Mindful May Middle School Madness

By: Chris Shapard and Craig Gordon:

The students at Treasure Mountain Junior High learn about the power of plant-based nutrition

“How many of you think about where your food comes from?” A few students hesitantly raise their hands, most keep them down.

When most of us sit down to eat, about to sink our teeth into a burger, we see a burger, not a dead cow. Behind that seemingly innocent paper-wrapped circular mass of bread, vegetables and condiments, there is a sinister story that everyone who eats food needs to know.

Commuting around the Salt Lake Valley, our plant-based tribe is increasingly aware of an endless parade of livestock trucks, hauling animals to slaughterhouses. My stomach turns and I get nauseous at the sight of these trucks. I want to look away and ignore the problem, but my heart and my eyes look to connect with just one of the souls on board to say “I am sorry.”

Over the course of two days, Sage Mountain’s Lauren Lockey teamed up with local plant-based athlete Craig Gordon and Chris Shapard of the non-profit Factory Farming Awareness Coalition (FFAC) to educate hundreds of students on the benefits of a plant-based diet, and to raise awareness of the consequences and power of their everyday food choices.

The animal products people buy in restaurants and grocery stores have been so transformed that the animals who suffered and died for chicken wings, a hot dog, or slice of cheese, have been completely hidden behind a deceivingly benign image of a picturesque little farm on the package. Happy cows, smiling pigs, fish frolicking in the ocean… brilliant disconnected marketing ploys. What’s not included on those packages is the fact that 99% of animals today are raised on giant factory farms, and that billions of chickens spend their entire lives crammed into a cage with each having less space on average than a standard sheet of paper.

Students gasped when they learned that hundreds of millions of male chicks in the egg industry are ground up alive simply because they don’t produce any eggs and therefore they are of “no use” to the industry. Like most of us, the students didn’t think about the baby cows who are taken away from their mothers so that the baby’s milk can be sold for human consumption, and the billions of animals whose lives were cut drastically short because we have unconsciously prioritized our taste buds over their right to live. This is the story for those raised on small farms, factory farms, humane, cage free, organic, or grass fed.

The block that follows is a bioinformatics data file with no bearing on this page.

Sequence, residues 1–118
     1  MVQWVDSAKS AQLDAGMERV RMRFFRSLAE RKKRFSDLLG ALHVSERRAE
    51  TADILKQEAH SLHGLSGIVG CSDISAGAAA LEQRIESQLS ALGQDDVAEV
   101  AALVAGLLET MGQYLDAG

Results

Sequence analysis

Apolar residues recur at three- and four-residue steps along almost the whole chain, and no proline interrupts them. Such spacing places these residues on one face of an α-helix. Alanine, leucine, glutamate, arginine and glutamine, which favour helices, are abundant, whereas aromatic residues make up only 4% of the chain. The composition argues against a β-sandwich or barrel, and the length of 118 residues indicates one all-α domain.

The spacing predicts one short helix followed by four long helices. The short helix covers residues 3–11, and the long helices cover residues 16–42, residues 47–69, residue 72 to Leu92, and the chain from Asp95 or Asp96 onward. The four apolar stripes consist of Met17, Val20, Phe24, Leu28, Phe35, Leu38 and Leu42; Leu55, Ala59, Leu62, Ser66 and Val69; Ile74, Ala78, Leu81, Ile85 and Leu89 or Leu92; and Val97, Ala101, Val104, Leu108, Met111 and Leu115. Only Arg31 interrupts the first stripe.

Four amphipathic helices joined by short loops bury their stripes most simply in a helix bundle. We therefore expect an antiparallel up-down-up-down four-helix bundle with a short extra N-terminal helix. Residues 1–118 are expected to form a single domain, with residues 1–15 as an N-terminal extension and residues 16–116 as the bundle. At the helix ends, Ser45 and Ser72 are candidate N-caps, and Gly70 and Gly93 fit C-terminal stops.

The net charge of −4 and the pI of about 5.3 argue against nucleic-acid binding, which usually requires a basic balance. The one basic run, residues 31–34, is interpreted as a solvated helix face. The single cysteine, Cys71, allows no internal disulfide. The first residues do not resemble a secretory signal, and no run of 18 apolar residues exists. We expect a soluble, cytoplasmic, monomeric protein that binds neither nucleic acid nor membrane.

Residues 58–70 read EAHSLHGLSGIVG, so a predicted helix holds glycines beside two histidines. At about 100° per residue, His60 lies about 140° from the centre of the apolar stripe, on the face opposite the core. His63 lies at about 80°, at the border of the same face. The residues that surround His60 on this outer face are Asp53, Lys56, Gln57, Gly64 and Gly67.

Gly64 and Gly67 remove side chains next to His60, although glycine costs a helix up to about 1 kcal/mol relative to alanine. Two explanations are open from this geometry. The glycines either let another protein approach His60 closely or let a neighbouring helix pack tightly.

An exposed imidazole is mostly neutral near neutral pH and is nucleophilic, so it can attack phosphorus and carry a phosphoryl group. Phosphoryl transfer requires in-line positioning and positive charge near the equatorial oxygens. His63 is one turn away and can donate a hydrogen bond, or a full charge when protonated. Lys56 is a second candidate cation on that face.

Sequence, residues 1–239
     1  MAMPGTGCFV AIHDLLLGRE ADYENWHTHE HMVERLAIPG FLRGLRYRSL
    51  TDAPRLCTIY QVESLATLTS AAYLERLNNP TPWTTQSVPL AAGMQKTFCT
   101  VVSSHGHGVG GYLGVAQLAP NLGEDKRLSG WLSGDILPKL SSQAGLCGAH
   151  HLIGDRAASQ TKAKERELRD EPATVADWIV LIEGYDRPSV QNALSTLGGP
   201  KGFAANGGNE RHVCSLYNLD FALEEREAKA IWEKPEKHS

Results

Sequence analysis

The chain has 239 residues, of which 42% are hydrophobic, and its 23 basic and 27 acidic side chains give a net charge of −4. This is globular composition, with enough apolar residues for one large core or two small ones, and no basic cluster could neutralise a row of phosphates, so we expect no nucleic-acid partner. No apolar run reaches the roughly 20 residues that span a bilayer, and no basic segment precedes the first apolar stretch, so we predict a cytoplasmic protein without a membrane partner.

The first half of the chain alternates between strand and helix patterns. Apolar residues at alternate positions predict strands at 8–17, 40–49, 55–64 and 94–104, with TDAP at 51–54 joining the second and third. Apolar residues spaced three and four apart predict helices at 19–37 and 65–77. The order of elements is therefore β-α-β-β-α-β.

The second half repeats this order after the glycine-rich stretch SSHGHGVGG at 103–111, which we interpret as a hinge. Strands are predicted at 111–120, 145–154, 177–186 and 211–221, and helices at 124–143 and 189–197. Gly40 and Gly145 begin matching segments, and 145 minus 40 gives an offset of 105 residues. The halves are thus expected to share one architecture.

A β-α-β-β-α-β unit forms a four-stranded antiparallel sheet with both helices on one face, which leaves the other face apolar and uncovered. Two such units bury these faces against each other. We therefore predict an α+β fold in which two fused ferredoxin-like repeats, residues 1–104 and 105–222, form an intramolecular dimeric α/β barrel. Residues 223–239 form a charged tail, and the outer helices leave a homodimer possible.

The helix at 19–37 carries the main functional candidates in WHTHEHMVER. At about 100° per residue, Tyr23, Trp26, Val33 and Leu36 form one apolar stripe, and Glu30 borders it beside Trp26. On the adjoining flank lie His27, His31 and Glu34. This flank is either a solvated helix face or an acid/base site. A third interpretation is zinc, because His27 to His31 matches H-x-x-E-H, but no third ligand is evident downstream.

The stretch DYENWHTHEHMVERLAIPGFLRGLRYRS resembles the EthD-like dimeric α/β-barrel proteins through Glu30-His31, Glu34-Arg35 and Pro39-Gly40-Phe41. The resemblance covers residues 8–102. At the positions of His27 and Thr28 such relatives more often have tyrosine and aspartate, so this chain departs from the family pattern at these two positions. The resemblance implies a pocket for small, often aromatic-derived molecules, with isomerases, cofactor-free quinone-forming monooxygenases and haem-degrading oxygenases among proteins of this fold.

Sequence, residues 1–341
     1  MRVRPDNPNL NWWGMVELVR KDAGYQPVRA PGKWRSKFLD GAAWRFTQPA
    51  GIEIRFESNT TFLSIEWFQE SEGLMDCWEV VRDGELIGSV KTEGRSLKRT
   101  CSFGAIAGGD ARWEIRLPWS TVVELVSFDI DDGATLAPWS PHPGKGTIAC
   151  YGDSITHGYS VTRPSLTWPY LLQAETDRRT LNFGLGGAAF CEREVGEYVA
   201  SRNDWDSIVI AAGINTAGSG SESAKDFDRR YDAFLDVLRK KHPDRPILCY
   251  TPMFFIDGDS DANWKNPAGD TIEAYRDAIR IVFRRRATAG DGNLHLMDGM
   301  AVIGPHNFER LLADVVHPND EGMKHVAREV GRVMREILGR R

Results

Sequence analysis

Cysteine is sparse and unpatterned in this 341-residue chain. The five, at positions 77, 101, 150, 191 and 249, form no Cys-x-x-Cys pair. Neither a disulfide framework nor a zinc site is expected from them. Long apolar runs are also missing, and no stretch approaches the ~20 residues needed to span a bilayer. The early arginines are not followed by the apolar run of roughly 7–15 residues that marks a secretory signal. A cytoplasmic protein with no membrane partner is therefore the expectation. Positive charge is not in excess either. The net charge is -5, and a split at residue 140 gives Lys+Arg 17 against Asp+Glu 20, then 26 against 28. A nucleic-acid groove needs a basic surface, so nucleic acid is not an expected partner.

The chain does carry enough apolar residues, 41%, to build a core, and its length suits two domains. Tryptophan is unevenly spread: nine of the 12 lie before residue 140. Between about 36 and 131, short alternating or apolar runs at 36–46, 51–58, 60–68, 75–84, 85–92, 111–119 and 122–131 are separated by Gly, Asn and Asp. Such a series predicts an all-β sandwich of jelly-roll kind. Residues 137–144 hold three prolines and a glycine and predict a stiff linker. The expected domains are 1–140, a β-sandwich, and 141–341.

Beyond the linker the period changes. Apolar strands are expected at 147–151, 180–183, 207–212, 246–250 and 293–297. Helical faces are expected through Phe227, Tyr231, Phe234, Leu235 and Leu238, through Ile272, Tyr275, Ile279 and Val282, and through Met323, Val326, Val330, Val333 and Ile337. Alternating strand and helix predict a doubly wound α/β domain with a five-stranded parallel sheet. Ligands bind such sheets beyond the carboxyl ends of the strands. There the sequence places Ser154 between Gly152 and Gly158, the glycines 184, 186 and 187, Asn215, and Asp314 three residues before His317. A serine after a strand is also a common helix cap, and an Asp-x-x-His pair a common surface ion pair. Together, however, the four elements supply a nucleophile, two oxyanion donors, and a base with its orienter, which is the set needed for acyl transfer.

The presentation also disclosed the immense environmental toll of animal agriculture. To produce a single beef patty, it takes upwards of 660 gallons of water. Animal agriculture is also a leading cause of deforestation, water pollution, and produces more greenhouse gasses than the entire transportation sector – a fact that resonates with all of us here in Utah whose winter wonderland is becoming increasingly threatened by rising temperatures.

The animal products that take such an immense toll on animals and our environment are killing us as well. Animal products cause heart disease, diabetes, and cancer and the students learned that the choices they make now determine their health in the future.

The students learned about about Pony Boy and Wilma Jean (or PB & J), who get to live out their lives in peace at the beautiful Sage Mountain sanctuary.

The good news is that the power is in our hands to fix these problems with the food choices we make everyday – and these students are the ones who will be leading the way. It is our responsibility to educate them and embrace their innate compassion. Even though we covered environment, health, and ethics equally, students were most impacted by the suffering animals endure. They realized they don’t want to be a part of it. We can choose compassion over convenience, health over habit, and sustainability over appetite. When we make the simple choice to eat plant-based foods instead of animal based foods, we are taking a stand for animals, people and our planet. We may not be able to see it, but when we choose plant-based foods, we can unlock the cage for countless other animals just like PB&J.

Please continue to follow Sage Mountain via Instagram and Facebook for individual interviews of students from Treasure Mountain!

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